5. on the gay scene, it appears that everyone under 25 is now out and fiercely proud. I met my first gay person within a day of landing through my high school friends who were dying to introduce us, and he brazenly flirted with me in the presence of 40 straight people, made out with me in the corner at their house party, as if we were at a gay bar. And it was hardly an exception. I went to a straight night club with straight friends and there was a lesbian couple on the dance floor making out and no one tried to lynch them – and hardly anyone stared. in the bathroom line, 2 men came out of the stall together and not one guy in the line made a comment (which is the norm in NYC, but a7na fe masr sha3b 7ishari betab3oh so that was particularly unusual). And then the gay bar i went to had dance poles and men making out in corners, and the bar was right across the street from the ministry of interior.
I think this brazenness is partly due to revolution ethos and partly due to the internet penetration rate (internet penetration in egypt in 2004 was around 4%. it is now hovering around 60%). generally, the fact that everyone has internet available at their fingertips on their smartphones makes the culture a lot less parochial and more worldly than it used to be. And thanks to the revolution, people are a lot less afraid than they used to be. And so the LGBT community has blossomed in the process. SO many gay bars and parties and little social groups. There are thousands of men on Tinder sharing their real names and Facebook profiles and Instagram accounts. For the Instagram generation, anonymity and discretion just aren’t in their lexicon the way my peers were. the first day i arrived, a cute Syrian 21-year old boy (lots of Syrian refugees too, that’s another thing i noticed. i think they hover over half a million now according to gov stats) wanted to take me on a date, and insisted we should go to a tattoo parlor (tattoo parlors have become ubiquitous). He informed me that i can’t have a mustache like that without a hip tattoo to go with it. I didn’t think the day would come where i’d be too square for Cairo.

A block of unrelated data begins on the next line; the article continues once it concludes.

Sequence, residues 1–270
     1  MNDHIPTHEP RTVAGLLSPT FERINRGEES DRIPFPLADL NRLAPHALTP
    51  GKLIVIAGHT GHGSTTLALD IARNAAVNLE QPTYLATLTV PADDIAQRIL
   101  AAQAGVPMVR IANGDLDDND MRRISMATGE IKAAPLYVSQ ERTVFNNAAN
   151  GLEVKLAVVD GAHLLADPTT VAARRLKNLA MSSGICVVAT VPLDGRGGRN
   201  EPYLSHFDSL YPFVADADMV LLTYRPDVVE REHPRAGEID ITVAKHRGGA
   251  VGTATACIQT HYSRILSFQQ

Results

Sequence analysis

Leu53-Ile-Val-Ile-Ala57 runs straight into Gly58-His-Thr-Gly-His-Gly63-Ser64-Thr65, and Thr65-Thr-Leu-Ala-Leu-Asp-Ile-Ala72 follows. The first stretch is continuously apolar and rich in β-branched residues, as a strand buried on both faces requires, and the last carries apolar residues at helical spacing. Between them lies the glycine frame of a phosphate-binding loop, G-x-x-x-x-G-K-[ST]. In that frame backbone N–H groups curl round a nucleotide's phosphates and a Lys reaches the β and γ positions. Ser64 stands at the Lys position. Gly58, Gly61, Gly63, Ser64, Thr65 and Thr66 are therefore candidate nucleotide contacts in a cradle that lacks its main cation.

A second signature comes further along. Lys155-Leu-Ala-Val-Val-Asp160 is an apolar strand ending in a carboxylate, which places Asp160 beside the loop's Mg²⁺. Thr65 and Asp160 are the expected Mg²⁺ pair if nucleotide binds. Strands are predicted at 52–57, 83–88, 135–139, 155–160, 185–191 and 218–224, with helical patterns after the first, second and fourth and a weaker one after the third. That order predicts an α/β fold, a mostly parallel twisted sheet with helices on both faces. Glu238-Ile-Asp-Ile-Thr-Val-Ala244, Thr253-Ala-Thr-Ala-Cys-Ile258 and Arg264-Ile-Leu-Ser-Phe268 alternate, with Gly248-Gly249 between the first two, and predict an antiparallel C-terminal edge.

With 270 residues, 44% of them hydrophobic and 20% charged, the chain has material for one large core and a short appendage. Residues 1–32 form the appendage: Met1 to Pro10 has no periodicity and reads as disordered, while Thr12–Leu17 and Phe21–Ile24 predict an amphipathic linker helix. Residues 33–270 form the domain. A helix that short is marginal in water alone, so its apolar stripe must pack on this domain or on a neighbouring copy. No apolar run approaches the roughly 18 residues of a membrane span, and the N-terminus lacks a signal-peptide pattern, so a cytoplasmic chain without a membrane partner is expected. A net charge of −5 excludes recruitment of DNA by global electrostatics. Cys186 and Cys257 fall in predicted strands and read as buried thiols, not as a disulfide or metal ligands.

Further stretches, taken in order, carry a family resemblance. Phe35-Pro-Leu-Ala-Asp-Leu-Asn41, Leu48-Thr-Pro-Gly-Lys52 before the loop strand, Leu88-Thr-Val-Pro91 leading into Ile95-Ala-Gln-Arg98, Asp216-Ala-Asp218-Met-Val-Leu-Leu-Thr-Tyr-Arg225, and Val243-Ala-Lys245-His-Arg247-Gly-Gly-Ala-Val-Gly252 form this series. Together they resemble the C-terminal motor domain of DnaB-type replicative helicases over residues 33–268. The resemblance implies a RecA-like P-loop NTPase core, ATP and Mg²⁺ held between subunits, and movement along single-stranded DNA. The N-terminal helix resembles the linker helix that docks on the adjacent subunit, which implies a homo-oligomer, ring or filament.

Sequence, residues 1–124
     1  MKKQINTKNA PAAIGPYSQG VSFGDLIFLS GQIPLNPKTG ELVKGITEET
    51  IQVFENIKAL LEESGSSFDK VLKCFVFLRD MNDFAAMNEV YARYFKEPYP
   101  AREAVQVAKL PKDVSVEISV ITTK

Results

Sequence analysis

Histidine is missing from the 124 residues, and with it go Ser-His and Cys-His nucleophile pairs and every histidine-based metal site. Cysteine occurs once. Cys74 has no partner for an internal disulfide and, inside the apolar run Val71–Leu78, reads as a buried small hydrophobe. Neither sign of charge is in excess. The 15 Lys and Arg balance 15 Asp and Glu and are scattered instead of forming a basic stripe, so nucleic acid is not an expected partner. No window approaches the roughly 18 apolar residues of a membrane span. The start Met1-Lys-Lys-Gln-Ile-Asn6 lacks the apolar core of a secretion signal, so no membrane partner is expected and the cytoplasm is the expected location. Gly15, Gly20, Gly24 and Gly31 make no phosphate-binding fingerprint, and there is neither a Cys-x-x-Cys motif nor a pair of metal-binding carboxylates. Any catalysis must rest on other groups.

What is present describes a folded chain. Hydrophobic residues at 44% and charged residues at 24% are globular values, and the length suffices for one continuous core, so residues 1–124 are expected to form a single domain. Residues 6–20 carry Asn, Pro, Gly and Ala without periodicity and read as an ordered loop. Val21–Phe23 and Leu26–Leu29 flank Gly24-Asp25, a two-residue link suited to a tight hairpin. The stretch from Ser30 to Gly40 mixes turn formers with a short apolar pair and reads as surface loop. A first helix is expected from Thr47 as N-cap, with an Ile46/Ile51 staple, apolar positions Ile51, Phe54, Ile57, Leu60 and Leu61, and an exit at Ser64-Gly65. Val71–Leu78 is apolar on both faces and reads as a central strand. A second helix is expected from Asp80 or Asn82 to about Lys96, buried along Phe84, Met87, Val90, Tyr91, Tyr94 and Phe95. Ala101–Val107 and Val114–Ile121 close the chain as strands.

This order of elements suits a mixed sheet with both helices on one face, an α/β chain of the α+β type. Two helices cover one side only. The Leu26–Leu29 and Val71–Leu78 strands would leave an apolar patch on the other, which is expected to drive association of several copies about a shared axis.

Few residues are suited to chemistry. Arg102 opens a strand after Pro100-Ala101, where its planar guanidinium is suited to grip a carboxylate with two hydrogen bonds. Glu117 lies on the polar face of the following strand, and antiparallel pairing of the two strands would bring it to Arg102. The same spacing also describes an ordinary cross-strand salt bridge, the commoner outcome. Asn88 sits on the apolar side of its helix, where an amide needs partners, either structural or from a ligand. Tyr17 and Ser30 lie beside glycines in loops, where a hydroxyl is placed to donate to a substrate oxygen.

(This is him, below)
6. In the art world, lots of change as well. So many galleries have sprung up in downtown Cairo (which is having a renaissance of its own). i went to an exhibition by an artist, who among other things, took screenshots of his Grindr conversations (see below) with other gay men during the revolution juxtaposing the political and the sexual. and he’s showing at one of the biggest galleries in Cairo (on a side note, i got looped to help plan the first Cairo Art Week in November).
7. Spirituality has also experienced a renaissance of sorts. Atheist have become a visible force. Again, i don’t have any governmental statistics to back me up, but of the 30 or so high school friends, all of which were appalled when i first announced by disdain for allah 15 years ago – now 90% of them are agnostic. that’s a huge change. Also, i was in Abbasiya on christmas eve and i couldn’t even get to the cathedral like i wanted: there were thousands upon thousands of christian flooding the downtown streets. and when the president visited the cathedral and gave his speech, i was too far from the cathedral to even hear it, but the raucous and jubilant crowds on the street were cheering his arrival with such fervor, i felt the ground was shaking a bit – no ruler of Egypt has participated in christmas mass since the Arab invasion 1500 years ago, so for them its particularly symbolic that he’s there. Also, a general brazenness about copts that i felt in daily interactions (neighbors responding to islamic greetings from my aunt with “massa2 el nour”, or distributing nativity scene sweets to all their muslim neighbors for christmas, small gestures that were simply unheard of before). I think people are just generally a lot less afraid than they used to be, is my general assessment across the board. Every mall i entered had a christmas tree and a brown santa claus (and occasionally, midgets dressed as elves). Tahrir square erected a huge Hybrid Moulid-Christmas Tree (mohamed’s and jesus’s bdays fell on the same week this year).
8. Other cultural observations: there is an explosion in number of yoga and buddhist centers. Two acquaintances tried to recruit me to a Transcendental Meditation group(that american-based David Lynch cult that i love so much). Ras Sedr, where my mom has a beach house, used to be a sleepy little town on the way to sharm. Now, it is home to a huge annual burning-man-like festival where people consume psychedelic drugs and live in tents and make music and large art installations.
So much more to tell you. These past 3 weeks have been a whirlwind of new adventures. Overall, i love it here.